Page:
The First Etch A Sketch That Lets You Draw Circles Is the Perfect Fidget Toy

Gif: Andrew Liszewski/Gizmodo
Gif: Andrew Liszewski/Gizmodo

Unless you’re a savant born with unnatural abilities for using two knobs to create artistic masterpieces, the Etch A Sketch drawing toy gets less appealing the older you get. I was surprised to find that the new Etch A Sketch Revolution — arguably the first reimagining of the toy that now makes drawing smooth curves and circles a breeze — managed to hold my attention for a few hours, but like the original, it will probably appeal more to fidgeters than artists.

The simplicity that made the original Etch A Sketch such a hit was also what made the iconic toy so incredibly frustrating. There’s a reason renaissance masters like Rembrandt and da Vinci didn’t express their artistic visions using a pair of rotating knobs that could only draw horizontal and vertical lines. Making curves on the original Etch A Sketch wasn’t impossible, but it required the patience of a saint and the steady hands of a surgeon. As a kid I found a much better use for the toy, spending hours painstakingly etching away every last bit of silver powder on its screen. Anyone else? No? I can’t be the only person who endured several awkward family gatherings that way.

Editor’s note: Unfortunately, the Etch A Sketch Revolution is not yet available in Australia. You can still pick up the classic version for around $30.

Etch A Sketch Revolution


The first Etch A Sketch redesign that makes it easier to draw curves and circles.


$US10 ($14)


Works best for making concentric patterns, with a similar appeal to the Spirograph toy.


Thoroughly erasing your designs with a vigorous shaking is nearly impossible. There always seems to be a ghosted image left behind.

The well-known limitations of the original Etch A Sketch is why the new version, revealed earlier this year at Toy Fair 2020 by the brand’s current owner, Spin Master, immediately caught my eye. An Etch A Sketch that won’t induce fits of rage? Impossible! But the new Etch A Sketch Revolution is genuinely enjoyable, as long as you don’t expect more than $US10 ($14) worth of entertainment from it.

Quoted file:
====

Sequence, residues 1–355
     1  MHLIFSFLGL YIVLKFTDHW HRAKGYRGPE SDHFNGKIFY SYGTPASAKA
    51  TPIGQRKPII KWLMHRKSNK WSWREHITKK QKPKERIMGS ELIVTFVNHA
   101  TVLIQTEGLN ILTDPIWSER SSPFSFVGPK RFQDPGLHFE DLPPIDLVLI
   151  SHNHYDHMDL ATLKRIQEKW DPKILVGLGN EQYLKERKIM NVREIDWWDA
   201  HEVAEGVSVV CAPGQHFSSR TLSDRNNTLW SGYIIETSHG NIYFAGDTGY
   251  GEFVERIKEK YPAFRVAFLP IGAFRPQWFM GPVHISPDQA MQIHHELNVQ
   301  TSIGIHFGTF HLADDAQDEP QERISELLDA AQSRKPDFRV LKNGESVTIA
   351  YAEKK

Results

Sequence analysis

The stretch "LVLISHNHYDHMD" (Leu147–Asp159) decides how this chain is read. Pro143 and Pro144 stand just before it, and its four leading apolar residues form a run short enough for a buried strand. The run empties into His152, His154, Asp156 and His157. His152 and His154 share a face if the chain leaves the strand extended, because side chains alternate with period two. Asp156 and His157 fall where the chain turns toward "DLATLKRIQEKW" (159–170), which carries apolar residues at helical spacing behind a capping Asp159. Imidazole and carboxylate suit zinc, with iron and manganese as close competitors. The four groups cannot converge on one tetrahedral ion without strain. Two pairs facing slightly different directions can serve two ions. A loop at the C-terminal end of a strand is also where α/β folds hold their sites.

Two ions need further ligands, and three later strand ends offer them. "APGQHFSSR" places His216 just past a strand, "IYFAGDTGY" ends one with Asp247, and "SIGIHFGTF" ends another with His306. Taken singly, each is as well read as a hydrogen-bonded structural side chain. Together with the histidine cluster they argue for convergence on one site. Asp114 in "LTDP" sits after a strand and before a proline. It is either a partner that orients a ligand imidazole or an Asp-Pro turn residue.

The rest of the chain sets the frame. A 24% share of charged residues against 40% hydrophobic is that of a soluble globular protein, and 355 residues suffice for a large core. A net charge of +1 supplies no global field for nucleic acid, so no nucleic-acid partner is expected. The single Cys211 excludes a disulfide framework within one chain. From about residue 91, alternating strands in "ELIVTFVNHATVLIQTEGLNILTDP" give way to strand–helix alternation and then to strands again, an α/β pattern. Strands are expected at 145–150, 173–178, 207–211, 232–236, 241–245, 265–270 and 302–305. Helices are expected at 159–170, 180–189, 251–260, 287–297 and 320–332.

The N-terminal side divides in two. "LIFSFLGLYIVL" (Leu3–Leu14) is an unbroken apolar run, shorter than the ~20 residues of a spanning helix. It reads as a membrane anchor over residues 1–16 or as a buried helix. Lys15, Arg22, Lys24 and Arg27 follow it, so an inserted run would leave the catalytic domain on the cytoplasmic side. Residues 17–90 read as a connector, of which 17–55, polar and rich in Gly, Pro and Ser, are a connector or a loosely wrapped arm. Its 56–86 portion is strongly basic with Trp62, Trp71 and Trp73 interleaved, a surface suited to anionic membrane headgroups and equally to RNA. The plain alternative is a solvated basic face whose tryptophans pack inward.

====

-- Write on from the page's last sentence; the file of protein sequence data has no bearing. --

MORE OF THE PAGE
The Etch A Sketch Revolution is quite a bit smaller than the original, but it will also cost you just $US10 ($14). (Photo: Andrew Liszewski/Gizmodo)

The first thing you notice about the Etch A Sketch Revolution isn’t necessarily its size, but the toy is a lot smaller and lighter than the original version which is definitely a good thing. It makes it more appealing as a pick-up-and-play toy because as an adult you’re not going to be tossing this in your carry-on to keep you entertained during a long flight. It’s a desk toy more than anything, and a welcome distraction during endless conference calls that aren’t going away any time soon.

Photo: Andrew Liszewski/Gizmodo, In-House Art

Photo: Andrew Liszewski/Gizmodo, In-House Art

Once a seemingly impossible feat for the Etch A Sketch, perfect circles are the easiest thing to make.

Photo: Andrew Liszewski/Gizmodo, In-House Art

Photo: Andrew Liszewski/Gizmodo, In-House Art

Despite being much smaller overall, the Etch A Sketch Revolution's drawing knobs are almost the same size as the original's.

Photo: Andrew Liszewski/Gizmodo, In-House Art

Photo: Andrew Liszewski/Gizmodo, In-House Art

It's still not great for creating portraits or a still life, but making complex patterns on the Etch A Sketch Revolution is where this drawing toy shines.